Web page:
It is often easier for some Christians to obey the church's teaching authority blindly than to probe and discern carefully what it is the Bishops are saying when they teach. Every adult knows that it his or her responsibility to weigh and sift through many options in life in order to live well. How much more important this is as we search for a way to live the Gospel authentically and completely. Careful attention to and prayerful reflection upon what is happening in the world is an essential element of knowing how to follow Christ in all the circumstances of our lives.

Today, ask God to show you the Spirit of the Law in your discernment.

What is most difficult for you in interpreting the Gospel in our times?

Monday, June 12, 2017

St Anthony of Padua

"Keep me safe O God, you are my hope." Ps 16

For most of our best known saints there is a moment that defines their lives. St Anthony had two. The first happened when he witnessed the funeral procession of the first Franciscan martyrs. Because he had served them as guest master for the Augustinians as they prepared to leave Portugal for Africa, he was convinced their death was a sign from God to leave the Augustinians and join the Franciscans in order to take up their mission in converting the Moors. When his health would not allow him this privilege, he accepted his limitations and moved to Italy where he committed himself to a life of prayer, study, and simple living, a lifestyle that led him to his second defining moment.

Called to be a substitute preacher at an ordination when no one else was prepared to speak, he was expected by everyone to stumble and stammer, but his eloquence and learning stunned his hearers. His life as a renowned preacher had begun and it would lead him to be the first theology teacher in the Franciscan reform, a remarkable turnabout for a community that so deeply distrusted theology. It was Anthony's great sanctity that convinced  St Francis that Anthony could both teach theology and holiness at the same time.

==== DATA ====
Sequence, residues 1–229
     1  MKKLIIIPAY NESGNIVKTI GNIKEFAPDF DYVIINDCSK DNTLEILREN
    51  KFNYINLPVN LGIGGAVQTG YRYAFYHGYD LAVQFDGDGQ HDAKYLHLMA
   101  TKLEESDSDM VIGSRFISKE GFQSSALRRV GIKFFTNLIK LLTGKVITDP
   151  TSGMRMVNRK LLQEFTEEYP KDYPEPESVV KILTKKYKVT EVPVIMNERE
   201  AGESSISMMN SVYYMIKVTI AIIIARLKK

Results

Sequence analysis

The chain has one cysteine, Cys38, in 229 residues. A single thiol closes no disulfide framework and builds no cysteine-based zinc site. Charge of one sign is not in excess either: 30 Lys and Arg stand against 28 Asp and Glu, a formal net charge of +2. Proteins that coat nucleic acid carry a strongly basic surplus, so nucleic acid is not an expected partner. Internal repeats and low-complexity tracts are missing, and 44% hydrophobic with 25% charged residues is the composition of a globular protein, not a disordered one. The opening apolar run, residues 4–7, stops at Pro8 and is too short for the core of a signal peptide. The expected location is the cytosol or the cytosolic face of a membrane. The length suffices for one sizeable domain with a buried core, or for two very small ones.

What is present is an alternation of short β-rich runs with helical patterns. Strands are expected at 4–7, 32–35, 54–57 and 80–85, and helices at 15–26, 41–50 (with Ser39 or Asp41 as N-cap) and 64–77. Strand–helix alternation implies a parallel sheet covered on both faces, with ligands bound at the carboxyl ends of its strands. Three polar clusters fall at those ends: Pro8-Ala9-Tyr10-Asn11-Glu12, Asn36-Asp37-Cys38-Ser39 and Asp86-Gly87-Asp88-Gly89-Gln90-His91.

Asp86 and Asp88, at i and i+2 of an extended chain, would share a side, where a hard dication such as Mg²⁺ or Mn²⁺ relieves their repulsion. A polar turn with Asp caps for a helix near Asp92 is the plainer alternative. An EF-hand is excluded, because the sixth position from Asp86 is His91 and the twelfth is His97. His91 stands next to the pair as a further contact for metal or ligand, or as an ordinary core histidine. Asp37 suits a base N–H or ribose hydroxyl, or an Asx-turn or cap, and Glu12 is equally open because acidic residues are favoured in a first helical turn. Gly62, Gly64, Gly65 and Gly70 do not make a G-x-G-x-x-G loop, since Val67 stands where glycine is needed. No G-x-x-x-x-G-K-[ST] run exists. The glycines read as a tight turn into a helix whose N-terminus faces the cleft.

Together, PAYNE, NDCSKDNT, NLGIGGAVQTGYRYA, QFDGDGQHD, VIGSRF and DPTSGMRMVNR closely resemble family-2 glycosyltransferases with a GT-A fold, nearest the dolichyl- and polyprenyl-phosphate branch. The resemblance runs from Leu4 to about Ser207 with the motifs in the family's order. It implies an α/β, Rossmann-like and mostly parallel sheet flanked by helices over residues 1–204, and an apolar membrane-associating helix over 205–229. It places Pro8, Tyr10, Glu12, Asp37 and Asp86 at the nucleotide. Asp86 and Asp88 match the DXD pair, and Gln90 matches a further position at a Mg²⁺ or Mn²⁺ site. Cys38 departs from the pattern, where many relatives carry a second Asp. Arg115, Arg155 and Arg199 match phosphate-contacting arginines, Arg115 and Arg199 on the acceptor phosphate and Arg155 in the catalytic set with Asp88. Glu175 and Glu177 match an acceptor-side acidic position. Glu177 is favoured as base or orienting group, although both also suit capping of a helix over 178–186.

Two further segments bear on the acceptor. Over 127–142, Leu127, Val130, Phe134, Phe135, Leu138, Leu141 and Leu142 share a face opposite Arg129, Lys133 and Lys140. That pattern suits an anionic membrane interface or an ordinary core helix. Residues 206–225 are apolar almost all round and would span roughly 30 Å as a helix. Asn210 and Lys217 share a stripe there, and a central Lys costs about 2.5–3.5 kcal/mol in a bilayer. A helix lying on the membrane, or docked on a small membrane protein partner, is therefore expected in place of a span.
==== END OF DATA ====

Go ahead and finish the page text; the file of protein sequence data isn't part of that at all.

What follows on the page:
Today, let God lead you in a path of God's choosing.

What moments in your faith life have been life defining?

Sunday, June 11, 2017

The Beatitudes

"Blessed are the poor in spirit, for theirs is the Kingdom of Heaven." Mt 5:2

One cannot say too often or emphasize too much that the beatitudes are a template, a frame with which to understand all of Jesus' preaching. Very few commentators would suggest that Jesus actually spoke all of these truths at one time and in one place. Rather, the beatitudes are a compilation of Jesus' preaching which was recorded in a form that made them easy to memorize.

Without a printing press or a written form that would allow easy distribution of the sayings and teachings of Jesus, the first Christians memorized Jesus' teaching and repeated them often for their own well being and to announce the Gospel. While many contemporary believers still do this, it can be a dangerous practice.

When we reduce the teaching of the New Testament to a few memorized sayings, we risk creating a "bumper sticker" faith and a community that repeats catch phrases out of context and with little regard for the culture out of which they emerged. When we do this, we impose our cultural lens on a text, and use the scriptures to reinforce our own opinions rather than learn more about how God spoke at a particular time to a particular people.

Today, read all of chapter five in Matthew's Gospel.

What practice has helped you develop a real love for the Bible?